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JCF Blog

Why Is This Blog Different From All Other Blogs?

Posted by: Michael Johnston on 5/10/2012
  

  “I think history is inextricably linked to identity.  If you don’t know your history, if you don’t know your family, who are you?” - Mary Pipher


According to Wikipedia, a blog is a personal journal published on the web, consisting of discrete entries from an individual or small group often themed on a single subject.  I admit, in the abstract it doesn’t sound all that exciting.

Yet I hope this particular blog will be worth your time.  Why is this blog different than all other blogs (to paraphrase a famous Jewish holiday)?  I think it’s going to be a place where we (The Jewish Community Foundation of Greater Hartford) can express our thoughts, our hopes and our aspirations for this community.  On occasion it may also give us a chance to address challenging issues in our community and the broader Jewish world and to consider our purpose in making this a better place.

But where to begin?

Perhaps we should start with identity.

We seem to be living in an era in which we identify ourselves by age (“the Millenials” or baby boomers), affiliation (political party or sports team), or institutional connection (synagogue, college, etc.).  While much of this is healthy, identifying ourselves this way can sometimes be polarizing (if I am of one thing, then I cannot be of the other).

There is, however, one thing that we have in common and that can unite us – our Jewish heritage.  Whether you are observant or unaffiliated, young or old, engaged or indifferent, your Jewishness informs your identity as a member of the Jewish community.  And this unique identity brings with it a perspective influenced by seeing the world through a Jewish lens.

Robert Hyfler recently wrote a blog post on the uniqueness of Jewish philanthropy as opposed to secular philanthropy.  In it he says “All of us the Torah implies have talents and powers that might falter, an abyss we may fall into.  The beneficiaries of our efforts are like us – they are us.  What is more is that we do for others in order to do for ourselves.  Our community is a value in itself and when the pain and suffering of misfortune separates the individual from her or his community we must bring them back whole and productive.”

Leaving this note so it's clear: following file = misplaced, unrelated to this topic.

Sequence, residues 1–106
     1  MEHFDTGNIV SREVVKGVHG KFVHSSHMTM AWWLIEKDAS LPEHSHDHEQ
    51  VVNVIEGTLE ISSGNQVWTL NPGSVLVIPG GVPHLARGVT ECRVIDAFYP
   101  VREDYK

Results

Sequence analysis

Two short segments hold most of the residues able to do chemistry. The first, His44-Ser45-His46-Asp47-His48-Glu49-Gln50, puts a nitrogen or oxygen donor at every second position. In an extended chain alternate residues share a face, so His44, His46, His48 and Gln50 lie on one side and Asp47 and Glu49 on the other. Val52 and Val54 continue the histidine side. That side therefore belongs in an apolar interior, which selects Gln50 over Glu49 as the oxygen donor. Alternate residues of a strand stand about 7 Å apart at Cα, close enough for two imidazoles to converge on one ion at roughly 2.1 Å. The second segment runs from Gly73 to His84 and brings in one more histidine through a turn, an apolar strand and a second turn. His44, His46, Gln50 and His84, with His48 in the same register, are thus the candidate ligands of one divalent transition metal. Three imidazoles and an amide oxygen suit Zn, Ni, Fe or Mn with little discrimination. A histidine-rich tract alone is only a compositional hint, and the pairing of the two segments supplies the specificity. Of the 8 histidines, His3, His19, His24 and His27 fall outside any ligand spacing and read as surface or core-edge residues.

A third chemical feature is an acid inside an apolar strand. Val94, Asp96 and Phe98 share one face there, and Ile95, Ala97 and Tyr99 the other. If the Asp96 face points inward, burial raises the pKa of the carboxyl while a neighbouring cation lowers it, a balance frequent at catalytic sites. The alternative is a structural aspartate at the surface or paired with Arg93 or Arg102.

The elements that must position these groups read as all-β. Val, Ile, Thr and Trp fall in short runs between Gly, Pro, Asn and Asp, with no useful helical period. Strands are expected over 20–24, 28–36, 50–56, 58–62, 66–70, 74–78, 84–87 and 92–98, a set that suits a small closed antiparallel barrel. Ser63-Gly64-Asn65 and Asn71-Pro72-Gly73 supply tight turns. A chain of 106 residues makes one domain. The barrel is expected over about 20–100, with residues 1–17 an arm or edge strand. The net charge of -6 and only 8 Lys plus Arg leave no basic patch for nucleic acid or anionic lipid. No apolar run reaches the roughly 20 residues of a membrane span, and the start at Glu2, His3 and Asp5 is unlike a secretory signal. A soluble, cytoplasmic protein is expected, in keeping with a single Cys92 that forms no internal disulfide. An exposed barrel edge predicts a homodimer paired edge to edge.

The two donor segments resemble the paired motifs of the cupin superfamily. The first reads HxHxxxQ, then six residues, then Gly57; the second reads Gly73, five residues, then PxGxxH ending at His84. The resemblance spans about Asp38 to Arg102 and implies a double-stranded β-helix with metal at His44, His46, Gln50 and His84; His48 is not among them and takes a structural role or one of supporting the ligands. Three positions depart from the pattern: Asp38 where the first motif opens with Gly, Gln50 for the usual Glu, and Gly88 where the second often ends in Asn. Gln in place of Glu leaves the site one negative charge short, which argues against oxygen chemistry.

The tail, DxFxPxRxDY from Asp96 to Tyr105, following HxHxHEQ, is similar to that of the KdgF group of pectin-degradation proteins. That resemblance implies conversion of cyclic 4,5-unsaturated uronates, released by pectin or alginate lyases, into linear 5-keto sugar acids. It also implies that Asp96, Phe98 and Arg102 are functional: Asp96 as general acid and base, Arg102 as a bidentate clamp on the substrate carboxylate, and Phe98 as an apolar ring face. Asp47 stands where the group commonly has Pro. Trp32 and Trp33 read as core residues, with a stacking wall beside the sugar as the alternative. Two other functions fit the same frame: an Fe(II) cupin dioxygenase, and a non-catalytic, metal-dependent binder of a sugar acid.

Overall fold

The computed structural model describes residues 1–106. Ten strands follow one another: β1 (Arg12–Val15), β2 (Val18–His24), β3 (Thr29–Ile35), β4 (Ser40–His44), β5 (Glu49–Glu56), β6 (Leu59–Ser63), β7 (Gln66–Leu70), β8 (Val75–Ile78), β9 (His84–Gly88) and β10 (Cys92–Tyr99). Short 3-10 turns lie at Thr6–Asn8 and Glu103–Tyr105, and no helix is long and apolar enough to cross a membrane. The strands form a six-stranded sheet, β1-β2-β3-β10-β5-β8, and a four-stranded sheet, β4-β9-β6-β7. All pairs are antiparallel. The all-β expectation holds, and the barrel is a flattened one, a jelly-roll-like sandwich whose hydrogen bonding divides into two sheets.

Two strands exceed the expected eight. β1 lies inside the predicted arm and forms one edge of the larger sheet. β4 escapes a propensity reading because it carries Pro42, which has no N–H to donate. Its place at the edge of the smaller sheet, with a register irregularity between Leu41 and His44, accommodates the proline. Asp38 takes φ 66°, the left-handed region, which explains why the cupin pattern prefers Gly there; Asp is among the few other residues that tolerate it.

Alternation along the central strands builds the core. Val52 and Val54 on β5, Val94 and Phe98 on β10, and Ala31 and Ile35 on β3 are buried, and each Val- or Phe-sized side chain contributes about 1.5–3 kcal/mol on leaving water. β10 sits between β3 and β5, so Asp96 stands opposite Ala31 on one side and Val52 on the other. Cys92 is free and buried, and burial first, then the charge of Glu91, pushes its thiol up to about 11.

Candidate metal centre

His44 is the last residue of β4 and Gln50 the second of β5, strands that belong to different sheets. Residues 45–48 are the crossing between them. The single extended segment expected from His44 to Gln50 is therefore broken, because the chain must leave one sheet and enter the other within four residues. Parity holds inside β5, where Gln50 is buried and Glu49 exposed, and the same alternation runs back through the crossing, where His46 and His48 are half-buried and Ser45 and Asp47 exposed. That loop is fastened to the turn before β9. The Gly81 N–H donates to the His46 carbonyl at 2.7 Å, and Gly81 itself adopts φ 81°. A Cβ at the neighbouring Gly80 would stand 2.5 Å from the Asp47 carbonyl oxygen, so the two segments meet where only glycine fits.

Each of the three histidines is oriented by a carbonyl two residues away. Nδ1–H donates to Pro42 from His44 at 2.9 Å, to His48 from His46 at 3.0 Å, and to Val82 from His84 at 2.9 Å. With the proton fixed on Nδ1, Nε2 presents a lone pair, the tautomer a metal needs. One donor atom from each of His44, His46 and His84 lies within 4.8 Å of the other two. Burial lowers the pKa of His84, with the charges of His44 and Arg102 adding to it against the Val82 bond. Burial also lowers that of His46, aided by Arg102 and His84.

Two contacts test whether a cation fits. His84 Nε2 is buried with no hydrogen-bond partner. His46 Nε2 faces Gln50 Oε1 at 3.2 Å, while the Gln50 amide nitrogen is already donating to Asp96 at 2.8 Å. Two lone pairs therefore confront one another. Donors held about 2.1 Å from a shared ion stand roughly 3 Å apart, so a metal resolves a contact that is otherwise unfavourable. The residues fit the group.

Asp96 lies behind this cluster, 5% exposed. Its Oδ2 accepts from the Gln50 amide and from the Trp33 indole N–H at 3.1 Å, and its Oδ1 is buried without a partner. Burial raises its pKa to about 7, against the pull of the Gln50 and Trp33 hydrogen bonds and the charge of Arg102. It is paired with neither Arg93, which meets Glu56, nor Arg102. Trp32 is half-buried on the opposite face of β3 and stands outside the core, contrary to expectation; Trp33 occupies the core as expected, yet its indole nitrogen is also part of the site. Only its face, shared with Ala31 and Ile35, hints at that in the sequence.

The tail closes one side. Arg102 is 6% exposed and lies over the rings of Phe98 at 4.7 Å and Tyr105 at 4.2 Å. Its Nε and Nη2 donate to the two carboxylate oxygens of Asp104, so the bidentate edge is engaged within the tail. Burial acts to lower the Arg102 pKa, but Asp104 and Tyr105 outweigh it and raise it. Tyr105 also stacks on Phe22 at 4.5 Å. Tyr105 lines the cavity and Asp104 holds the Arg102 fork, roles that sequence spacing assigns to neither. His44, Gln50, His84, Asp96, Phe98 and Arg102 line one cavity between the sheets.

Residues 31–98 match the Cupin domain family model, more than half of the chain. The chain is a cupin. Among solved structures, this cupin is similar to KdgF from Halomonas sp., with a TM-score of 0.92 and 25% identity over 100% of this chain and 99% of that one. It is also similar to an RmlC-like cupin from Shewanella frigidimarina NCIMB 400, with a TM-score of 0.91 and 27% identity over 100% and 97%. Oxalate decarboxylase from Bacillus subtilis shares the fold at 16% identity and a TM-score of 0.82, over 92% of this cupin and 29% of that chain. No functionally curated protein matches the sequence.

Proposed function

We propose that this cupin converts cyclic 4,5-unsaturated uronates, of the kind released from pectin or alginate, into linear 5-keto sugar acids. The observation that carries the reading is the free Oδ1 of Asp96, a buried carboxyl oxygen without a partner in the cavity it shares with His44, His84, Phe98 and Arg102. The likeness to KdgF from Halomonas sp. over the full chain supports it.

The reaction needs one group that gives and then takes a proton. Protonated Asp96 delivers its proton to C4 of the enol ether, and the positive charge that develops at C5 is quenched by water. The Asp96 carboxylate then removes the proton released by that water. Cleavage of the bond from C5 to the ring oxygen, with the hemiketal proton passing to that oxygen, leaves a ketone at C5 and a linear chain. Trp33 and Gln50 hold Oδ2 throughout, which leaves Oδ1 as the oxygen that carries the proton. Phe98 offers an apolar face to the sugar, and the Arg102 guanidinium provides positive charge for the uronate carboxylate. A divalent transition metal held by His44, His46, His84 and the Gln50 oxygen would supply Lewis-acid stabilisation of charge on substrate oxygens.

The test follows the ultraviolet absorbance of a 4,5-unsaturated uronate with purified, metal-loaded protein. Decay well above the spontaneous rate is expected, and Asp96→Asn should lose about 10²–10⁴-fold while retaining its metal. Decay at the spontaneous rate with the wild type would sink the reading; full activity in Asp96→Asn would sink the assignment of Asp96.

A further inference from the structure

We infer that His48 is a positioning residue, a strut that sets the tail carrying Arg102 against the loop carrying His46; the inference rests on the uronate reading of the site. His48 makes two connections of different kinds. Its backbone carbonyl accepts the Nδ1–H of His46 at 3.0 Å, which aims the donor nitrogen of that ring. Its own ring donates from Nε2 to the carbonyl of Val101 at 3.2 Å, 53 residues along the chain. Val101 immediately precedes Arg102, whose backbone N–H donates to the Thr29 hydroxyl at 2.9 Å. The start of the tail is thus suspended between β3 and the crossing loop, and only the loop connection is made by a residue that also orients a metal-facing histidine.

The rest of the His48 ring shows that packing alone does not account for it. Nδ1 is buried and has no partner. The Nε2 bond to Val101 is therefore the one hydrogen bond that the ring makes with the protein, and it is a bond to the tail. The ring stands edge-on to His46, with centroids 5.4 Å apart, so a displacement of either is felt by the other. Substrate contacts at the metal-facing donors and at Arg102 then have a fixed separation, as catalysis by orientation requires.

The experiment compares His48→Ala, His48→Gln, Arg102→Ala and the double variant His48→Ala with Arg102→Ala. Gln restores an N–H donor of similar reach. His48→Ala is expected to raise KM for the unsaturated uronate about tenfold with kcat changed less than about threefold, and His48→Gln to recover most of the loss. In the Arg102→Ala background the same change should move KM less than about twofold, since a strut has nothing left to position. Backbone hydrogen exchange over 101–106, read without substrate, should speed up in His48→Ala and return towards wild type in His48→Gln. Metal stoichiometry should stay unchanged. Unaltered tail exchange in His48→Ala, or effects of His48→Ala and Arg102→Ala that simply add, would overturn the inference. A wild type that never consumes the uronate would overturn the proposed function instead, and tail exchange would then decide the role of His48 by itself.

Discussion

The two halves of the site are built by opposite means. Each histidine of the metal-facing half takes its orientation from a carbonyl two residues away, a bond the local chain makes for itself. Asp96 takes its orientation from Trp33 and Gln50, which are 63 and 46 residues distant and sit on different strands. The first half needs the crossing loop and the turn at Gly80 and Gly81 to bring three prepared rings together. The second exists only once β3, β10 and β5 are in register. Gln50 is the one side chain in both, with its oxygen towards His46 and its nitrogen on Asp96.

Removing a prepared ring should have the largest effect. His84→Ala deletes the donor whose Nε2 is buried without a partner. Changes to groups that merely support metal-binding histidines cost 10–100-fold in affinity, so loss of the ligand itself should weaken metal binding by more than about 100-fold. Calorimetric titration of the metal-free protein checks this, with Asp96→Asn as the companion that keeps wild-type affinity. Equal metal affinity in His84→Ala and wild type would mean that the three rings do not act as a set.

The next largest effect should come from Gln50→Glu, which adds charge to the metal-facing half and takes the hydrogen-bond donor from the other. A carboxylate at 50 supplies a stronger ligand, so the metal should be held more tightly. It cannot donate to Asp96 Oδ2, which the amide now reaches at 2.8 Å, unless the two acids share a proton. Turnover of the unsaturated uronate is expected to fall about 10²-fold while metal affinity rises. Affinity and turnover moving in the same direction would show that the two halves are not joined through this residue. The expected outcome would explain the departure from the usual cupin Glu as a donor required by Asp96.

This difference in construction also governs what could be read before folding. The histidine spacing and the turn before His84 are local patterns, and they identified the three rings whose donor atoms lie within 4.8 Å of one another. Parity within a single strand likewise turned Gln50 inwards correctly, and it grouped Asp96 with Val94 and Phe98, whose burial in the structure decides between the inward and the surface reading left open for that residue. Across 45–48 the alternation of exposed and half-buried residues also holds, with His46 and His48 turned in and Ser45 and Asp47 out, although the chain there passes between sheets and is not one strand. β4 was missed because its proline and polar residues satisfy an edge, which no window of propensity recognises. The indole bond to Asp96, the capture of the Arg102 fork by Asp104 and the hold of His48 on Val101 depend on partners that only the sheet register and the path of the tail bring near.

That is our heritage as a people.  It’s not about us individually; it is about us as a community.  Our faith requires a community to pray, to mourn, to celebrate – we are commanded to face life together.  And to a large extent, community is the purpose of JCF.  (Dare I say that community is our middle name?).

Because we think long term – building endowments to support the community long into the future – I think most people in the community think of us as some type of financial institution.  A big savings account if you like.

But our mission is not money.  Our mission is to assure the long term future of the Jewish community here in Greater Hartford and to facilitate our donor’s desire to leave a lasting impact on the community they care so deeply about.  We are about repairing the world and assuring that the Jewish people are strong and robust for eternity.  We are about making a positive difference in the lives of those in need and about sustaining a community built on a model of Jewish values and ethics.

As an institution we are encroaching on middle age (we are in our 40th year).  As often happens at this age, we are thinking about what the future holds for us and we are seeing life a little differently than we did when we were twenty.

Whatever the future may hold, we recommit ourselves to the vision of a vibrant Jewish community in perpetuity.  May this be our legacy as an institution.

What do you think about this blog?  Give us your feedback below.

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rob fishman
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good start.. I would love to have Michael tell us how fortunate we are to be born into the religion. He has a unique perspective on this that most of us take for granted.
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